Like I said, I'll look through emails what needs to be answered what I can let go. Do my to do list for the day and then when people start rolling into the building, that's when, hey, I've got a classified. A visit coming up, you guys have the names. anD that's when the walk ins come in

and you just have to work those and do the jobs and, and we're all in there in the building.

And one good thing, even though we got individual jobs, we all know each other's jobs also. So if a visitor comes in and, physical security guy is busy. The industrial [00:32:00] person can take that and field those questions. And, but that's by design.

A lot of folks in the government, , they'll say your contractors, especially that's not my job. I don't do that. but. In our office, we've got the mentality. We don't want a one person failure.

So we cross train on each other's job. So we can give that good customer service.

So when somebody comes in, we can answer each other's questions, but try to give a, typical day. It's kind of hard because again, get called out the office a lot for things. Oh, Hey, I need my. Safe combo change. Can you come do that? Even though I try to teach them, hey, do this so you can be self sufficient, but hey, I've got a person that will do it for me.

So I'll call them and come and do it is basically what it amounts to.

we do inspections. Of the workspaces of how they're handling and and taking [00:33:00] care of and doing the security of the building. So then we went to, we get finished with those and we're, and this is again, a heavy part of. The year for that, we get finished, we write the report, send it to the director of that section.

We just finished. You always try to get lunchtime in there, but there are days that lunch doesn't come because you're too busy with the walk ins and the phone calls. And just the unexpected of the day and you just need to be flexible 

Emily: Yeah, well, that's kind of nice, too. I mean, it sounds like your days are not likely to be boring. 

Tim: most of the time. Not 

most of the time. Not, but I didn't give you a real good answer on that 1, but, and I believe my job is just so fluid.

Emily: Yeah.

Tim: And so is pretty much everybody else's in the office also. Especially the physical security guy.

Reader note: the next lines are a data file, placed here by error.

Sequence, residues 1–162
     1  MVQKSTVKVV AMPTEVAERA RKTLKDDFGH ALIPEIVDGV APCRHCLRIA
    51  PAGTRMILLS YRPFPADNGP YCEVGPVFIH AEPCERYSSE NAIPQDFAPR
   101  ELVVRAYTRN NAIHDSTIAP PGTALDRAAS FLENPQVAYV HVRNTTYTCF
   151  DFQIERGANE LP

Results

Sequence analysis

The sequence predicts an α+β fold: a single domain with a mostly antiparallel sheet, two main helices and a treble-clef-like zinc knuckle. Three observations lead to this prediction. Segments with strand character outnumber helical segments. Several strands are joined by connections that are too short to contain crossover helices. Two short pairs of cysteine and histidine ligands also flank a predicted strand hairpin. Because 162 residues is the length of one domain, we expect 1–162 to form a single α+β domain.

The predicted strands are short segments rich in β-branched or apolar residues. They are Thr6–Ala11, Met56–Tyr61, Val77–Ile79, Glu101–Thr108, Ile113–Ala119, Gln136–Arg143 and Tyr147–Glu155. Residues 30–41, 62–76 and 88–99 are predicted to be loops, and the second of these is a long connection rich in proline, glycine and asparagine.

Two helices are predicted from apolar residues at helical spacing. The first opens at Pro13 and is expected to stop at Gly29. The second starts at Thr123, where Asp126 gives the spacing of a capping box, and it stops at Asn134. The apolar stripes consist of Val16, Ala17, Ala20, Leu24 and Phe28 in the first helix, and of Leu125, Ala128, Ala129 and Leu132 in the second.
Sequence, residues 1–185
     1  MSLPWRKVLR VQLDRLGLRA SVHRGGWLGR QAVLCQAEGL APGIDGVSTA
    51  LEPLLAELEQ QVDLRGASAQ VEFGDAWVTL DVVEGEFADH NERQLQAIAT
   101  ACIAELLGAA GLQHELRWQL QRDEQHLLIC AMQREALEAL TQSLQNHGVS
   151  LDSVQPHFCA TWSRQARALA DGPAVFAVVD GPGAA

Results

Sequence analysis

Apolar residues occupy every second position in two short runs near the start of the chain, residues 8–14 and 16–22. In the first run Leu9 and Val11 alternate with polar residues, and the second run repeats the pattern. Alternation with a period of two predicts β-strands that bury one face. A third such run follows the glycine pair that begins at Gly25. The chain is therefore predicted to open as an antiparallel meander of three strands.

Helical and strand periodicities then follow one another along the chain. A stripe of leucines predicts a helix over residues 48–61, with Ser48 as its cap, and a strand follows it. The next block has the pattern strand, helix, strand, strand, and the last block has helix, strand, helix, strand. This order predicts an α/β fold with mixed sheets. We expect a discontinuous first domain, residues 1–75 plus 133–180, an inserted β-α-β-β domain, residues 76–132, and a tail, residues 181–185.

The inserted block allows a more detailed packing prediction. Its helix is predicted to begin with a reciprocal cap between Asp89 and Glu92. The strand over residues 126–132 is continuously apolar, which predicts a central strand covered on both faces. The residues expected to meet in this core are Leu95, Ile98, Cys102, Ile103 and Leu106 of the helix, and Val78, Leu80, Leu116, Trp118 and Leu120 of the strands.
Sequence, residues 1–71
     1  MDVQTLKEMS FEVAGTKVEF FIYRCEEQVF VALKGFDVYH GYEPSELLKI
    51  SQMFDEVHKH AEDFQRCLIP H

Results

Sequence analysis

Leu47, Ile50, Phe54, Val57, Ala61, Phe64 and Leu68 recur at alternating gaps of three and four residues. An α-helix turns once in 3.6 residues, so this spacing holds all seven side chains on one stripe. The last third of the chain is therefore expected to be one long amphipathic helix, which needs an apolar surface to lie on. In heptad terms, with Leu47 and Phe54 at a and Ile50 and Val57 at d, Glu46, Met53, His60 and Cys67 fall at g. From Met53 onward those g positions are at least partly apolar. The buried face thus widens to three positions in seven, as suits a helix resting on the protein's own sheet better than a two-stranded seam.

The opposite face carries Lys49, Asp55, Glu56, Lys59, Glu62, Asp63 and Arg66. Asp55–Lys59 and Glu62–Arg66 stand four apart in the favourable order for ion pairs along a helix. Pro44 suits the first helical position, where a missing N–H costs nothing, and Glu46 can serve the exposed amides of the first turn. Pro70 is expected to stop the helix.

Emily: Oh, I'm sure. No, I mean, I [00:34:00] like the idea that you have so much cross training. it's both good for the organization that they don't have a single point of failure, but it also probably makes it an easier place to work in general because you don't feel like you're the only person that can do particular tasks.

So that's a really nice thing that you all do that.

Tim: Well, and how many times have you or your listeners think about you've went to some place and you've asked for something. Oh Bobby does that. Bobby's not here

Emily: Right. Right. You're like, Oh, there's only one Bobby, I guess. Okay. 

Tim: Right, exactly. What do you do if Bobby gets hit by a bus? 

Emily: Oh, 

Tim: So 

Emily: no. 

Tim: exactly. No, they killed Kenny. Okay. I don't know if you got that

reference, but anyway. Okay, good. Okay, good. So that is that is our mentality in our offices. We don't want 1 person failure because we are a customer service office.

Emily: [00:35:00] So how do you view the prospects in this job? Are there lots of openings and people can kind of jump right in if they were interested in it or is the field fairly saturated and it's tough to get your foot in the door for the initial job?

Tim: No, the field is not saturated. without getting too technical, we've got 2 security offices in our building. The one I work in and then we do have another one. They are very short man. They're having to pull people out of their career field, their, their series that they work in to come in and backfield for their jobs.